We’re excited to share with you the forty-third week of portraits recently published on Nola.com, including Doug Thornton, Allison Miner, Lafcadio Hearn, Jim Amoss, Sally Ann Roberts, and Lena Richard.
Doug Thornton, by Michael McManus
“One guy asked me why we wouldn’t just want to tear down the Dome because it harbors so many bad memories of the storm, but we had 30 years of good memories here before the hurricane. It could be a symbol for the rebuilding of New Orleans, something people could rally around.” — Doug Thornton, in a prophetic interview 11 days after Hurricane Katrina (excerpt from Nola.com)
Allison Miner, by Jeff Morgan
“There is more music per square foot in New Orleans than in any other city in the world, and it’s a hell of a lot of fun. It’s our life!” — Allison Miner, writing in the book “Jazz Fest Memories,” published posthumously in 1997 (excerpt from Nola.com)
Lafcadio Hearn, by Jeremy Paten
“Times are not good here. The city is crumbling into ashes. It has been buried under a lava flood of taxes and frauds and maladministrations so that it has become only a study for archaeologists. Its condition is so bad that when I write about it, as I intend to do soon, nobody will believe I am telling the truth. But it is better to live here in sackcloth and ashes, than to own the whole state of Ohio.” — Lafcadio Hearn, upon moving to New Orleans (excerpt from Nola.com)
Jim Amoss, by Michael McManus
“There’s nothing like a newsroom.” — Jim Amoss, in a 2015 profile in NOLA.com | The Times-Picayune (excerpt from Nola.com)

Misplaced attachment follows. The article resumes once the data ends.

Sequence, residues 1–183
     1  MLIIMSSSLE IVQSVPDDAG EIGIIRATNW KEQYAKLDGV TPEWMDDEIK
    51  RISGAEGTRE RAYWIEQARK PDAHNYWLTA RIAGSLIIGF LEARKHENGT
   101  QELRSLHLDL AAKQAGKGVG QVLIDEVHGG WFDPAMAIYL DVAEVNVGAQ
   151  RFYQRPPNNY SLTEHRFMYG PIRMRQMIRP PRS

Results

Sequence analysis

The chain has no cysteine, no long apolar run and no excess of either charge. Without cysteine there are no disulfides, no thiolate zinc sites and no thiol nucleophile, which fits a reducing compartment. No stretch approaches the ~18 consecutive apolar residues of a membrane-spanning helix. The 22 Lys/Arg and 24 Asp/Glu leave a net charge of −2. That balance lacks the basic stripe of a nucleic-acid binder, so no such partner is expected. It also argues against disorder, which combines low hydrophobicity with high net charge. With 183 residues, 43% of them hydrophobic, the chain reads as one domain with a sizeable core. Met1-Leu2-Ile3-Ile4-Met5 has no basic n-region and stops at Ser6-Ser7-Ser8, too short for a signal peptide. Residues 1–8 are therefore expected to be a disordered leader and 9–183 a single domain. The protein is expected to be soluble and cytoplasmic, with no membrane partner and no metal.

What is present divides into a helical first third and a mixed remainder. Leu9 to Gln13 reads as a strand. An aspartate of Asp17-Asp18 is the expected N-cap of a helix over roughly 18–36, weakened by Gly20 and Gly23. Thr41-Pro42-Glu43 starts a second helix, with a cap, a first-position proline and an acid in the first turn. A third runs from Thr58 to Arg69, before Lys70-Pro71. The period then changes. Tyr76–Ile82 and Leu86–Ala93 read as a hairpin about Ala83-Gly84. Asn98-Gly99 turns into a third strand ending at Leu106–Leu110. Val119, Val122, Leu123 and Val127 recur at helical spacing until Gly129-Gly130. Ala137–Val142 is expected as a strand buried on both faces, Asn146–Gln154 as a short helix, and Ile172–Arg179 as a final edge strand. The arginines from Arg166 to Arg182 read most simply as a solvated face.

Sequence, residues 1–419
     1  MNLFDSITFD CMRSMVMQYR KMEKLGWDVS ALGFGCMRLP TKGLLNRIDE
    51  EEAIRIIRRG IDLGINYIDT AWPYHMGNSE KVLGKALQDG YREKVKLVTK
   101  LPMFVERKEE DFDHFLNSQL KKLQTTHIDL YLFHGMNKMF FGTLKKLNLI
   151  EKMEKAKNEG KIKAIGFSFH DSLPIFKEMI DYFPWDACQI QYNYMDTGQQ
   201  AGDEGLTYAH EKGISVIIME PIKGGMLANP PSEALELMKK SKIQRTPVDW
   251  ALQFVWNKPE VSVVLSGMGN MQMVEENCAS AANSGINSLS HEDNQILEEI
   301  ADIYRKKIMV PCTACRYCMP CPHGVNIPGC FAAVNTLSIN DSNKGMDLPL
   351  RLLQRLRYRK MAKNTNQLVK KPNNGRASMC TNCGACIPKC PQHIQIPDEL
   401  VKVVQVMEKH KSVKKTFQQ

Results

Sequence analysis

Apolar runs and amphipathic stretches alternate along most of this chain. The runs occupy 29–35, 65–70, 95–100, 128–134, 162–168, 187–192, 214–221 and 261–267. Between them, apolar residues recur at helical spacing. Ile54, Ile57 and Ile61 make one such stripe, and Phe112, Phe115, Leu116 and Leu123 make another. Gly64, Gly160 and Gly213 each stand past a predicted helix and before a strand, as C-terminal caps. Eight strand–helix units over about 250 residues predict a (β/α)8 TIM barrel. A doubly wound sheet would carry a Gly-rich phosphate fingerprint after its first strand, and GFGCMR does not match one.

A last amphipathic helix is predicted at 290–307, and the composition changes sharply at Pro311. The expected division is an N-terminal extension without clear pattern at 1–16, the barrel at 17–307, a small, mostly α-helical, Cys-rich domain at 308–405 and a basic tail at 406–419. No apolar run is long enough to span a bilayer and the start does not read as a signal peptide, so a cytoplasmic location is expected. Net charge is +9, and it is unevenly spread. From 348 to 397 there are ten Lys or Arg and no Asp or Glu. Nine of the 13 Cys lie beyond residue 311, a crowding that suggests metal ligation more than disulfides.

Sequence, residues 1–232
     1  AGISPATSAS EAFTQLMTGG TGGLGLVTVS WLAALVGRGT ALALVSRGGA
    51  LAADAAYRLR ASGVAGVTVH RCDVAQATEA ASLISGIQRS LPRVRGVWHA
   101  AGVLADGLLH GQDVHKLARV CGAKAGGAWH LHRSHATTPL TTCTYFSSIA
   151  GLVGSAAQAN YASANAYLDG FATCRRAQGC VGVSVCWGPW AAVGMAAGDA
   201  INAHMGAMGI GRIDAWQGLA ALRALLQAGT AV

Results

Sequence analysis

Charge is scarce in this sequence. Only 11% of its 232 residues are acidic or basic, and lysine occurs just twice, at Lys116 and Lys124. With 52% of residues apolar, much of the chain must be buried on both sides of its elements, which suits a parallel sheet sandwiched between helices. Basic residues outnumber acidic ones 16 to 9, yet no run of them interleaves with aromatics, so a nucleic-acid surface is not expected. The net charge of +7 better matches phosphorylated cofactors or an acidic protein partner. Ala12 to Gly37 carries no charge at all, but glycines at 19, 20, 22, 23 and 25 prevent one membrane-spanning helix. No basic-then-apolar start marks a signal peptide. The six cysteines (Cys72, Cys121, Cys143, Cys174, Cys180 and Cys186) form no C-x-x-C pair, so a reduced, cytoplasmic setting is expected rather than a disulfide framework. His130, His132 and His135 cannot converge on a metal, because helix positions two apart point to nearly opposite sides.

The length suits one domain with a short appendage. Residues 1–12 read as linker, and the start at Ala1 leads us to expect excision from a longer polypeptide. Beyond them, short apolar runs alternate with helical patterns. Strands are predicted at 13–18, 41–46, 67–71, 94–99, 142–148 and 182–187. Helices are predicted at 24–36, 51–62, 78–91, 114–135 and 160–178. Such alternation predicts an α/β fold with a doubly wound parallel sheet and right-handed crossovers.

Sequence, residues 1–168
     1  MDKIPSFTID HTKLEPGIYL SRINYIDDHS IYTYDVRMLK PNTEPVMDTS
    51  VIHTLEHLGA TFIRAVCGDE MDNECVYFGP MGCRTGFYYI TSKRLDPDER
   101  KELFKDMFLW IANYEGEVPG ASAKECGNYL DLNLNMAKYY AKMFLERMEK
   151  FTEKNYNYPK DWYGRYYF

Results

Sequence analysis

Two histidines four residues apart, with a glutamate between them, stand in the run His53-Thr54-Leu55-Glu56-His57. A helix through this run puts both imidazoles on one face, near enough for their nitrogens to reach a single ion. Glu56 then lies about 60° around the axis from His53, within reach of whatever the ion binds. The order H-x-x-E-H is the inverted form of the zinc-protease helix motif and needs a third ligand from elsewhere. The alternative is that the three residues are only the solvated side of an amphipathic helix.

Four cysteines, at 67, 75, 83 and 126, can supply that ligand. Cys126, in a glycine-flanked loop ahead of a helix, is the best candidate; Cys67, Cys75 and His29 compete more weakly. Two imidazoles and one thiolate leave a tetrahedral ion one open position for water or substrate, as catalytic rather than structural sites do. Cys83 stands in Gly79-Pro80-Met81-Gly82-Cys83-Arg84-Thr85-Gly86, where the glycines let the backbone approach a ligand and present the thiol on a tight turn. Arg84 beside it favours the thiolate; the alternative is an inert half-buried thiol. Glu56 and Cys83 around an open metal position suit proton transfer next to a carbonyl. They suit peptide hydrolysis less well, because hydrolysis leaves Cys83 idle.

Sally Ann Roberts, by Jeff Morgan
“When you hear the name Sally-Ann, it represents all that is good about mornings in New Orleans and southeast Louisiana. She has reached that rare status of being an icon.” — Tod Smith, WWL-TV’s president and general manager, when Roberts announced her retirement (excerpt from Nola.com)
Lena Richard, by Queen Hope Parker
“When I got way up there, I sure found out in a hurry that they couldn’t teach me much more than I already knew. I learned a few little things about fancy desserts and salads and other things like that. But when it comes to cooking meats, stews, soups, sauces and all the other things, those far-North people come down here to eat. I must say we Southern cooks have got them all beat a mile. That’s not boasting, it’s just the truth.” — Lena Richard, in a 1939 interview with The New Orleans Item (excerpt from Nola.com)
Where Y’Art is the proud partner of Nola Media Group, the producers of Nola.com / The Times-Picayune for its 300 for 300 project, marking the tricentennial of New Orleans, running through 2018 and highlighting 300 people who have made New Orleans, New Orleans.